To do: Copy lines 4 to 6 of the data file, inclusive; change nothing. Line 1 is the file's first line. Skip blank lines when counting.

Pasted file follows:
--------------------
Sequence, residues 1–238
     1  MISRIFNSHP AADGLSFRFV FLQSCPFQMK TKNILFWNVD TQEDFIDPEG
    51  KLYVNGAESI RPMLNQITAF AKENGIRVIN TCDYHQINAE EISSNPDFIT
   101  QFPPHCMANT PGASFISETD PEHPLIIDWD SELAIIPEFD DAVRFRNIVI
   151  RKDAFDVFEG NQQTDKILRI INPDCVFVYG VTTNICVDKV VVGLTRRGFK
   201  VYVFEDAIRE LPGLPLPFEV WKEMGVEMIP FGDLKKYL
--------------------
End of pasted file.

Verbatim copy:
   101  QFPPHCMANT PGASFISETD PEHPLIIDWD SELAIIPEFD DAVRFRNIVI
   151  RKDAFDVFEG NQQTDKILRI INPDCVFVYG VTTNICVDKV VVGLTRRGFK
   201  VYVFEDAIRE LPGLPLPFEV WKEMGVEMIP FGDLKKYL